The concept for a choral program for older adults comes from “Encore,” a choral program in Washington, DC The Millers wanted to bring that idea to Chicago. Meanwhile, a study by the National Endowment for the Arts (NEA), “Creativity & Aging,” published in 2006, had shown that group singing experiences (more so than drama or the visual arts) have a dramatic, positive impact on older adults , particularly those with memory loss.
The Millers wanted to incorporate singers with early-stage memory loss. Their first choral group, 2018, devoted to such singers was called “Good Memories.” They met, and still meet, in Chicago where they perform at the 4th Presbyterian Church, corner of East Chestnut St. and Michigan Ave.
In the fall of 2016, the Millers brought the Encore concept to Evanston. They added the Good Memories idea at Evanston in 2019, combining into one, dementia-friendly choir. Pam Butterfield, a singer and volunteer, has been with that chorus since its beginning. A former licensed clinical social worker in the Evanston schools, she joined because she just loved to sing, but she volunteers because of life experience.
She said, “We used to meet as a small group of 10 or so in the Falcon Room at the Evanston Library. When we decided to invite singers with early memory loss, the group changed its name to Good Memories, but now that we’re completely integrated we’re called Sounds Good.” She added, ”It has been so gratifying to see what a difference singing can make – in attitude, outlook, participation. It’s like an intervention – it engages and grounds people with memory issues.”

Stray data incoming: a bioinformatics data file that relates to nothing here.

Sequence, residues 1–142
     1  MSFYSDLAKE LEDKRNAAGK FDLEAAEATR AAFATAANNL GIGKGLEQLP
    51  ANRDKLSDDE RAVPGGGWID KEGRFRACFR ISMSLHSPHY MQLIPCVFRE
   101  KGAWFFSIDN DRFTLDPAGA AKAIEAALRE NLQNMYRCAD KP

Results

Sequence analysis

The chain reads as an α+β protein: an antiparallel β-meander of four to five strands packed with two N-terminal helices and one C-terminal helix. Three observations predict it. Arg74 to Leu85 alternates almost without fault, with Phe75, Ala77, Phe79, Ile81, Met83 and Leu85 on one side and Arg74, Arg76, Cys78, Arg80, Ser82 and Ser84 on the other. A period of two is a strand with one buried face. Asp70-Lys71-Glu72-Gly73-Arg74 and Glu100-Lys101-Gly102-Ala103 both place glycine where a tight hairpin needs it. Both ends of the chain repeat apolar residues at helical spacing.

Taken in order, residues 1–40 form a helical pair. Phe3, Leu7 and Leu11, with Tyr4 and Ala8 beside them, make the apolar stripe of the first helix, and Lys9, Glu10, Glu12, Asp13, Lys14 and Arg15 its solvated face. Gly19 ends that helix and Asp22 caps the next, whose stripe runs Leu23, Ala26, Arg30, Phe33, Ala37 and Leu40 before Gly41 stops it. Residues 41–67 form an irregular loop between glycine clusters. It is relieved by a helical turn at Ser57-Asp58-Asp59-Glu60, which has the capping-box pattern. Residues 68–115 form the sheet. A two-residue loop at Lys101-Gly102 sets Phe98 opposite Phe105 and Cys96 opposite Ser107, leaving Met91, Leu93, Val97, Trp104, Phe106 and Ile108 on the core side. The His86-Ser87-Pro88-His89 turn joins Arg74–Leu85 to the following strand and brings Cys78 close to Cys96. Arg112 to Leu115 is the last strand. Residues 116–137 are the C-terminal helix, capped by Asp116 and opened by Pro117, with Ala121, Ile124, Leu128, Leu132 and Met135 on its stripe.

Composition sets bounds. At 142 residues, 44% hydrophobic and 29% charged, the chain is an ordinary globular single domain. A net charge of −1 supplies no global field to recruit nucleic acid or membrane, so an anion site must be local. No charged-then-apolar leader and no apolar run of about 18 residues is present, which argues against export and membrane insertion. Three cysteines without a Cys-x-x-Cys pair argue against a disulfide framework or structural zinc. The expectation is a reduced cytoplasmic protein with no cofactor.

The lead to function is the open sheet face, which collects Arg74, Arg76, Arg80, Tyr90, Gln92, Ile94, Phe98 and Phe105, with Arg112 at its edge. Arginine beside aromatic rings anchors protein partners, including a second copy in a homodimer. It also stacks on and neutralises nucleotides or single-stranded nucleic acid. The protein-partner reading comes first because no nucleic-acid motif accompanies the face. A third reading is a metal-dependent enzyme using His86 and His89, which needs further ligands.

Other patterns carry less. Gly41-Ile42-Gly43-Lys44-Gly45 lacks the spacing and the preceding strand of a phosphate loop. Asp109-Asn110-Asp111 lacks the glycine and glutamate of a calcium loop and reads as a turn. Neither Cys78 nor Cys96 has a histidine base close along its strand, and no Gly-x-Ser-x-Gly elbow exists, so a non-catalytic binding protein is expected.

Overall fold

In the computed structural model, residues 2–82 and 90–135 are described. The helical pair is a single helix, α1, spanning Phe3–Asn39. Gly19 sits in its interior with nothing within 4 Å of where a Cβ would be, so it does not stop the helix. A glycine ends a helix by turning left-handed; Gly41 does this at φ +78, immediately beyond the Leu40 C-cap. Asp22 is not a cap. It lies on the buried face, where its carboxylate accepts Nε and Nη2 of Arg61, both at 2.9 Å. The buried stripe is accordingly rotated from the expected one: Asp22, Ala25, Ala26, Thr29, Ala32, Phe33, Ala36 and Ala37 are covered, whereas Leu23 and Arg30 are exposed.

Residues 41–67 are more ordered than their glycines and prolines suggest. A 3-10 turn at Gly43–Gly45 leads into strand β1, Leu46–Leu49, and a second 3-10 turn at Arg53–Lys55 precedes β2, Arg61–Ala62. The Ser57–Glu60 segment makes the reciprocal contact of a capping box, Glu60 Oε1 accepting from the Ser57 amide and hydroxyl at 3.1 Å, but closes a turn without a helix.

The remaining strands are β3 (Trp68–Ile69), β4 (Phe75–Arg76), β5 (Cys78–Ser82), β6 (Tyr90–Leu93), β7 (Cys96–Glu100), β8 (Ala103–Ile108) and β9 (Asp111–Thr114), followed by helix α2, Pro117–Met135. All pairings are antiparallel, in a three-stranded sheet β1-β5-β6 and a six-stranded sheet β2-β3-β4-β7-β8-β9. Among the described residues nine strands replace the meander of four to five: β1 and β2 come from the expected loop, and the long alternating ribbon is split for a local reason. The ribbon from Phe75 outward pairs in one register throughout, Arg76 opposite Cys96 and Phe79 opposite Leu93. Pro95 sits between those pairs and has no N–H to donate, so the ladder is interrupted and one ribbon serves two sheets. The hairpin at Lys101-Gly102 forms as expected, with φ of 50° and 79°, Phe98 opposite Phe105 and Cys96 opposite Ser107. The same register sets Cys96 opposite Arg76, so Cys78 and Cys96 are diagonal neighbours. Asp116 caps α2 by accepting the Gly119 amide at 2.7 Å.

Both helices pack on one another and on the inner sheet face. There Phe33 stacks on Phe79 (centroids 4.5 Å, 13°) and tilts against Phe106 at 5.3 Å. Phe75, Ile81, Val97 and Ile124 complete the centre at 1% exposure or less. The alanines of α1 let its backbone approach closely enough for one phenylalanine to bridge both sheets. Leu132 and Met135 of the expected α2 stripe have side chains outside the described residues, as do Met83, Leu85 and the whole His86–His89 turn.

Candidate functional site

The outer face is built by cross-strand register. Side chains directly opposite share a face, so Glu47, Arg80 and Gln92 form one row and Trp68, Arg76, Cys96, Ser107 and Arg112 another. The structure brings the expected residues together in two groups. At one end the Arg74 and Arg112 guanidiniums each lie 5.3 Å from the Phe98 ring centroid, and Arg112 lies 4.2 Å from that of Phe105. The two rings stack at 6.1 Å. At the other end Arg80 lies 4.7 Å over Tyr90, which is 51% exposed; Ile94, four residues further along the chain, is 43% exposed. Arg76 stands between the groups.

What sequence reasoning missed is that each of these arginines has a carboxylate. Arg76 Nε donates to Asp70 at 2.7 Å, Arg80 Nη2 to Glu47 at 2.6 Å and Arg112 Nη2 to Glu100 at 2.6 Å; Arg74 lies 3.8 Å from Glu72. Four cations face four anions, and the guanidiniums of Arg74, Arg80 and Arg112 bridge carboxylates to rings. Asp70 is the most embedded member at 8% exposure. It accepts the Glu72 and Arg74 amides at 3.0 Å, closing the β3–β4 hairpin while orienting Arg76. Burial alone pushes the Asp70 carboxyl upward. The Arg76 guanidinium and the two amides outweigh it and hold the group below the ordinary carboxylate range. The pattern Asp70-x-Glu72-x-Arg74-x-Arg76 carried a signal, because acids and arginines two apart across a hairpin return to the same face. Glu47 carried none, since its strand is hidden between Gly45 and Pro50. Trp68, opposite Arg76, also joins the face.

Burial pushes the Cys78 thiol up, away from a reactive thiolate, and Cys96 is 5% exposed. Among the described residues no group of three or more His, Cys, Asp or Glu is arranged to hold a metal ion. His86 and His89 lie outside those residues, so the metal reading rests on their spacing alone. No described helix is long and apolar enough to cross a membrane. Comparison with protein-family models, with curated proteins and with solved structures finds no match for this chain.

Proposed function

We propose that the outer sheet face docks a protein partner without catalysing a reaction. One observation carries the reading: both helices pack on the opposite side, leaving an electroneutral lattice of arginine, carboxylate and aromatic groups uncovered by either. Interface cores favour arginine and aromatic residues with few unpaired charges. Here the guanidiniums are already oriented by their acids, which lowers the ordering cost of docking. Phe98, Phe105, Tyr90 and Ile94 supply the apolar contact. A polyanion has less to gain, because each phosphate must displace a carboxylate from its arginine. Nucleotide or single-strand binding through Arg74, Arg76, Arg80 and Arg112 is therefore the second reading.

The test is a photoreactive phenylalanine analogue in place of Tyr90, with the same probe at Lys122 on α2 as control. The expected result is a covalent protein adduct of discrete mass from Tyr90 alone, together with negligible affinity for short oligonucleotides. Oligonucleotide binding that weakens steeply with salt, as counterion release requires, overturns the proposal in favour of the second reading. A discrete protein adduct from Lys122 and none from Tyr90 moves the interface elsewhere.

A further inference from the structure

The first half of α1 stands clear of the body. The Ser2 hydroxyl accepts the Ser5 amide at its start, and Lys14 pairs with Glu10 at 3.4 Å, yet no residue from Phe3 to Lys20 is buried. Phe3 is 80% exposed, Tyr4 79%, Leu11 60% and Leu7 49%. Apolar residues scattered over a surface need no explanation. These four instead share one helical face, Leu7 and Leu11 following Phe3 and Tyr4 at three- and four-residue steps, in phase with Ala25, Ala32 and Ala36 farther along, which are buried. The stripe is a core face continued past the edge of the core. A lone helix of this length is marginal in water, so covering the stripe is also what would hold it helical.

Wednesday’s rehearsal was conducted alternately by Jonathan Miller and by Hannah Dixon McConnell, the Director of Music and Worship at Evanston’s First Presbyterian. They both handled the group with clear direction and upbeat humor. I heard the command “Watch the conductor and your whole life works!” from Miller as well as a smiling “Resist the temptation to talk between numbers…” several times.
All singing, even warmups, are accompanied by professional pianist Amy Wurtz. Selections were varied – some I’d never heard before (“ Beautiful Star of Bethlehem” from 1940, a Spanish carol called “A Christmas Gloria”, a Jewish folk song of praise, a new piece composed by Norwegian composer Ola Gjeilo and and a 2014 medley titled “A Wreath of Carols”).